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2018

Yule and now Hogmanay behind us.

The tidal loch remains frozen at Wadbister on New Year’s Day, and it may well stay in this state for a while…

Wadbister is the place where I buried 2017 with good friends & two of their neighbours. I woke up this late morning and breakfasted with my hosts, Sharon and Andy, looking at a brand new sky. Blue, serene, by a garden and bay that homes a wonderful wildlife. If I missed the otter, I was blessed with my first avian visitors – starling, blackbird, sparrow and robin – when an unusual visitor (to our latitude here anyway!) graced the garden, a great tit. What a grand start to the primal day of the year! 

By the time I left my friends’ home, a West wind was recolouring the heavens, as light rain showers began to christen the land… 

2017

A year of contrasts – a tale of two halves, with its kaleidoscope of emotions – that took my heart across headlands, bays, the English Channel and the North Sea. 

A creative year, as it has anchored my pen into this second collection of poetry in the making… Writing on both sides of the North Sea, with a fabulous return to West Norwegian shores last September.  


And our descent to Yule marked by the shifting of our AHS to its new 21st building at Lochside, which proved an extraordinary exercise. 


Yet October was graced by extraordinary moments, reunions and meetings that began to pave my way into 2018. For this, I feel humble, blessed and grateful to 2017. 

Christie Williamson and Hazel Frew, see you both in your great Celtic town in April! 

November also graced by new humane and creative connections thanks to friend and poetess Choman Hardi, who made me discover Barbara Cumbers, a kindred spirit based in London, and regular visitor to Shetland. Magic slices of life shared since, including two readings at the Book Fest and in Scalloway. 


December crowned by many smiles

The joy of reaching Yule marked with many delights – a poet’s working blurb published in Shetland Life, a poem inside the Yule Issue of the New Shetlander. 

The island clad by sun and snow on the eve of a well deserved break. 


A peaceful end to a year that felt a real roller coaster, and as the twelfth month was about to draw to an end, a brand new project now at my writer’s table in the translation of a manuscript. Wonderful challenge and task that began on the Eve of Hogmanay.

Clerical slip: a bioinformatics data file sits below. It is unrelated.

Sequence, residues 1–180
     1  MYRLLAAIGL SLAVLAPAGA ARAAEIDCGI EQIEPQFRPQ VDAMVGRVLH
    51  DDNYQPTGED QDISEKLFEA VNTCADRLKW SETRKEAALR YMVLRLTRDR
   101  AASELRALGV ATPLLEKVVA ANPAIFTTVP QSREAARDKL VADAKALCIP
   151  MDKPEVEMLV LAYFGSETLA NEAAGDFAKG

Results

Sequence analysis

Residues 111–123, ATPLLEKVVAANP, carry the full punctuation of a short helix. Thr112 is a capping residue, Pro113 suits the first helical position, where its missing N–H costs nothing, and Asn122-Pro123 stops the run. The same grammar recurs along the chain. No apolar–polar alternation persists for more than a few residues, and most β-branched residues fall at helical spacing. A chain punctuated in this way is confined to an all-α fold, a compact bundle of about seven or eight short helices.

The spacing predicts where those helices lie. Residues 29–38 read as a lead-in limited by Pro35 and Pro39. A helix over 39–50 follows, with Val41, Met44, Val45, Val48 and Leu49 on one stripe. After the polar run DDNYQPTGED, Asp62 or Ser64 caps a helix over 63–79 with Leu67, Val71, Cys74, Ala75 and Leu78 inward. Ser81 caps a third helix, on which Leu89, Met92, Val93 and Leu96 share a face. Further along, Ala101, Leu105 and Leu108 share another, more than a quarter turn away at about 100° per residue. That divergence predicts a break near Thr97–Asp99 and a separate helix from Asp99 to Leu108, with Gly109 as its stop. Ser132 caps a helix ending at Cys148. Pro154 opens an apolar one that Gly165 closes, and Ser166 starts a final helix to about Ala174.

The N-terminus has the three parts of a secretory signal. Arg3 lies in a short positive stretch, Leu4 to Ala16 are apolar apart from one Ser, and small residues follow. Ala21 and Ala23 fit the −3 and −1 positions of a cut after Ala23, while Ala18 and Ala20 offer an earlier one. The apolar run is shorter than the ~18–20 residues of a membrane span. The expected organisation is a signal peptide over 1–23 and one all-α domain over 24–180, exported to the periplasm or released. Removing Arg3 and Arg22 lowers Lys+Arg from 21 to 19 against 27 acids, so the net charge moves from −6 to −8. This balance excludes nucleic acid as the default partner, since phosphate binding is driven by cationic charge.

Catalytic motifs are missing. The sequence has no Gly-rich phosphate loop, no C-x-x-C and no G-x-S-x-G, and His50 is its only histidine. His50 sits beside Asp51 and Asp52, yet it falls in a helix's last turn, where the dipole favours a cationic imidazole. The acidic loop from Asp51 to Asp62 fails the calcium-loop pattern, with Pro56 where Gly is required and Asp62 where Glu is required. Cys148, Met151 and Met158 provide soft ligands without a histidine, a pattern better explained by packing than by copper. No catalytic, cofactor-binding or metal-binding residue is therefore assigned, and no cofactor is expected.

So,

Thank you, 2017, for your joys and tears, harvest of adventures, new friends across headlands and seas.

Today, on the primal day of the year, there burns a fire in my heart, like a beacon for the twelve months ahead.

Hello, 2018. Let me welcome you with fresh eyes, a shameless smile, heart filled with hopes.


The road ahead feels both very exciting and promising.

A very happy new year to you all, wherever you walk on this amazing planet. May 2018 grant you good health and happiness.


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Filed under 2018, 60N, Arcania, ash, blogging, celebration, colours, earth, festival, geopoetics, home, images, island, life, light, metasaga, north, norway, poet, review, scotland, shetland, shore, snow, spirit

quantum leap & back flip

That tunnel ride across mountains, under water (as I once left Måløy on the first time…) has left a mark indelible, and illustrates how I feel at the start of 2017.


2016 proved to be one of those truly extra-ordinary years, tainted with hues of paradoxical emotions on the the principle of the kaleidoscope. So much happened in those twelve months.

Here, the highlights back in limelight.

On the making and soft release of Compass Head, joint editing with Nordland lead to let this first solo collection fly at a time dear to my heart, 30 March.


From winter into spring, as I rolled back in Provence for a short while, bringing Compass Head to the last survivor of that trio of women to whom the book is dedicated. Symbolic journey in itself… However, there was another reunion as important with a lifelong friend, artist and Art restorative Artisan, Isabelle Foriat, who took me to Manosque to meet with Jean Giono’s surviving daughter, Sylvie. Marvellous encounter.

Prior to that trip to the foot of Le Lubéron, a night at the Library to meet with Liz Lochead, Scotland’s former makar; and a much cherished reunion with a friend and fellow poet, Emma van Woerkom, who will pen, among others, an eloquent review of my peerie book of verse.

20 May 2016, launch of Compass Head at the Shetland Library. Full house, for a memorable night I will treasure all my life. I really felt humble and touched.

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Mid-June, my first crossing across the sea with a close friend to be reunited with da Norskie Clan.

A dream come true for the first time. I knew this was my early gateway to Vestlandet. Unforgettable and tattooed in my heart forever.

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Throughout summer, wrestled with a boiler without a suit. That techno-joust cost two plumbers who worked wonders, though at some cost I cannot regret…

July, with an event at the Peerie Shop Café for the purpose of a mag launch by Shetland Create. Great fun and pleasure to share selected verse from Compass Head in a place where I come to write. 🙂

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Summer, spent around those wild islands with the world, come rain or shine. I love its magic and blue nights; that sense of freedom, colour saturation and overgrowth… And in between May and July, friends & fellow writers – Marsali Taylor and Laureen Johnson – will pen their respective & eloquent reviews for the Shetland Times and the New Shetlander. Both are trilingual like me. A blessing.

August, invited to read at Sumburgh Head, as part of a unique project, Extreme Light North, led by Carol Duffy. Friend, playwright and Shetland Library Book Champion Jacqui Clark is a magician! I will share verse broadcasted to the whole world via the Internet from the great height of my favourite headland that first made me dream some 19 years ago… Tout un symbole et une histoire, from which Compass Head derives and was born.

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Whereas mid-August rhymes with a return to class and school bells, September reminds us of a slow return to darkness and a trade of wings, as avian visitors perform that orchestrated seasonal ballet…